Being a grandparent, for most people, is pure joy—any time spent with beloved grandchildren is truly a positive experience. But this isn’t always the case when one is a step-grandparent to either a child’s stepchildren or a new spouse’s grandchildren.
The lingering trauma of your child’s divorce can dull your enthusiasm for developing close, warm relationships with your new son- or daughter-in-law and his or her children, or you may be indifferent to your new spouse’s grandchildren. Your step-grandchildren may also be at an age at which they are more interested in spending time with friends than getting to know you. These and other factors can get in the way of creating a happy, new stepfamily.
Chances are good that most grandparents will also become step-grandparents, whether they’re up for the challenge or not, given the reality that there are more stepfamilies in the United States than original intact families. In fact, half of the country’s 60 million children under 13 live with one biological parent and that parent’s current partner.
As mature, responsible adults, you have the job of laying the groundwork for the new family by modeling respect and compassion. Here are a few tips to make your new role as joyful as possible:
1. Modify your expectations.
When remarriage occurs, too many family members believe they must love each other in order to have a happy family. But love is an emotion that can’t be forced. If you love your step-grandchildren, that’s wonderful, but if you don’t, that’s also acceptable, as long as you offer them kindness, compassion, and respect. No more and no less should be expected of you. When you remove expectations that you must love each other, it is easier just to be genuinely nice to each other. This can lead, in time, to love.
2. Be considerate.
There can be real disparities between stepsiblings. Some receive more birthday and holiday gifts from wealthier relatives than others do. Inadvertently, grandparents can exacerbate these differences by favoring their biological grandchildren and lavishing them with expensive gifts while ignoring step-grandchildren. This can cause discord among stepsiblings, and can hurt the feelings of young step-grandchildren who may not understand the difference in the relationship between their various grandparents. You don’t have to buy gifts of equal value for all your grandchildren and step-grandchildren, but you do have to get gifts for all.
3. Don’t take things personally.
If your efforts to build a positive relationship with step-grandchildren are rebuffed, you’ll naturally feel hurt. Understand that the children may reject your attention and warmth for reasons that have nothing to do with you as a person. Perhaps they feel that since they already have two sets of grandparents, they don’t need a third one in their lives, no matter how nice they are. Or unconsciously they may feel a need to maintain emotional distance from you to avoid feeling disloyal to their biological relatives. These feelings can take a long time to overcome, and may not change, despite your best efforts. Whatever the case, you need to accept things as they are for your own emotional welfare, and not take a child’s initial rejection as a personal attack.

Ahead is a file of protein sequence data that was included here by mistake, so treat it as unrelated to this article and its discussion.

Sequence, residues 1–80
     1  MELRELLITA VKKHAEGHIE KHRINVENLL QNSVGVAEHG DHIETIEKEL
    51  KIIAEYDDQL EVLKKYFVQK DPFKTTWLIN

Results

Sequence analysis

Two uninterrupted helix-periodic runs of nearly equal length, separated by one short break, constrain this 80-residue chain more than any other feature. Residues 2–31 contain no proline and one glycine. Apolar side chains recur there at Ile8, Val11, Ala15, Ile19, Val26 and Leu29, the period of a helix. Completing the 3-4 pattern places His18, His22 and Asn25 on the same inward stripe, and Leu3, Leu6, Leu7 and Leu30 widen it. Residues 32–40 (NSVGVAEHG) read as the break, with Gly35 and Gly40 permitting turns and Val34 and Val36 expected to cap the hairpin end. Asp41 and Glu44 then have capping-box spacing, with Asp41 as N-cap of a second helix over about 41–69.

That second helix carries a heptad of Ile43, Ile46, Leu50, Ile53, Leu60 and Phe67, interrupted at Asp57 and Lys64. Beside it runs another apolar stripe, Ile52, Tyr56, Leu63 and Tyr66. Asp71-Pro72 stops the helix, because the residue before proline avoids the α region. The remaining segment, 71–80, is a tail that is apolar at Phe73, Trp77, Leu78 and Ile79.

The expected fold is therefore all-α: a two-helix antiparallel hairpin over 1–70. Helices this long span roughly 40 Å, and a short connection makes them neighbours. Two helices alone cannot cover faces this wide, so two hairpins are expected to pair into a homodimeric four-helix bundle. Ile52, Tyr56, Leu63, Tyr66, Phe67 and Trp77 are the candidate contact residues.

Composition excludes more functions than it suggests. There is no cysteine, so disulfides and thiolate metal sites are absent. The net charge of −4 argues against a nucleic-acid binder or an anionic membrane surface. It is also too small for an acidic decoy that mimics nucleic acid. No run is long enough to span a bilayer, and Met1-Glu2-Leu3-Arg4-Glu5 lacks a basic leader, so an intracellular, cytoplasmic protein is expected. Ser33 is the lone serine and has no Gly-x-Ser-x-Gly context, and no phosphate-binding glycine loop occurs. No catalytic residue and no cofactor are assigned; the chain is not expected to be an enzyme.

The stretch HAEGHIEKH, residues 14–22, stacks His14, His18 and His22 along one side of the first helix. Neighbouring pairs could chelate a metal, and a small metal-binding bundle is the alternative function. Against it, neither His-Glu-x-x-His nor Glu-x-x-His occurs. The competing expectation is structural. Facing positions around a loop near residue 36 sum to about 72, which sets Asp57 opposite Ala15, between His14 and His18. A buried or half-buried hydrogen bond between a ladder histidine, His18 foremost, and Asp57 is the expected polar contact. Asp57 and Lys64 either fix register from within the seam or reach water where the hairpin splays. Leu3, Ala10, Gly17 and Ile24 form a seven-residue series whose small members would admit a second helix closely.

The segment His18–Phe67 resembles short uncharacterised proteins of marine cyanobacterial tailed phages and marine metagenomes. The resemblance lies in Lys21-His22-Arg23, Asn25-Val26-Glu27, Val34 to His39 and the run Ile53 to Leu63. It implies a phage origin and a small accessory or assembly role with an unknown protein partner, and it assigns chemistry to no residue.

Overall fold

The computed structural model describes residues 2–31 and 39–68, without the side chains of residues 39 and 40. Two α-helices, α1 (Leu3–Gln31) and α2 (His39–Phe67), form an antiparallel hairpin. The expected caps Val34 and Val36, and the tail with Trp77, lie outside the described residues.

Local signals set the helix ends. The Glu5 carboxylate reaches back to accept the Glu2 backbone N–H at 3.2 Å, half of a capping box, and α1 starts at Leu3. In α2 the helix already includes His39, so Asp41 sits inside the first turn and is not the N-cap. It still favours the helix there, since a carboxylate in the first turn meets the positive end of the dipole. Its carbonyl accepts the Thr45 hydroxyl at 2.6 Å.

4. Create new holiday traditions.
Holidays can be particularly painful for stepfamily members who mourn the distance of certain relatives and the traditions they created for the family. So start new traditions by inviting family members to a holiday they’ve never celebrated before, or consider hosting a Thanksgiving celebration, for example, on a day when everyone in the stepfamily can attend. This will give you more freedom and limit stress.
5. Choose to be hopeful.
Many members of stepfamilies wonder if it’s possible to ever be a happy, cohesive group. It most certainly is. Some stepfamilies are very fortunate; everyone cooperates and gets along nicely. For others, achieving this goal is harder. Members must work hard to set aside feelings of anger, bitterness, and resentment in order to be kind and considerate to each other. Just do the best you can, and take comfort in knowing that is all anyone can expect of you. It is more than enough.
Rachelle Katz, Ed.D. is a psychotherapist in private practice in New York City. Author of The Happy Stepmother: Stay Sane, Empower Yourself, Thrive in Your New Family, she leads monthly stepmother support groups, and is a stepmother coach. She has one stepdaughter.